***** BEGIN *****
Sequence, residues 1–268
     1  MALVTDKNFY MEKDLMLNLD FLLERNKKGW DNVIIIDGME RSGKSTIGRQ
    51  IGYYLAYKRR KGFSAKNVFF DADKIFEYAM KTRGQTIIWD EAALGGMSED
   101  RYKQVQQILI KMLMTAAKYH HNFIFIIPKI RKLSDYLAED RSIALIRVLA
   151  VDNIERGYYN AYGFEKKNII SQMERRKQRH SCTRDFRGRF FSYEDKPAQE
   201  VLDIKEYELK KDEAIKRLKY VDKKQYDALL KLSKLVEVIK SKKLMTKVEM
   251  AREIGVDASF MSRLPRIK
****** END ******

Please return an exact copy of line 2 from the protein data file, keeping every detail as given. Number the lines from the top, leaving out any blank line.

     1  MALVTDKNFY MEKDLMLNLD FLLERNKKGW DNVIIIDGME RSGKSTIGRQ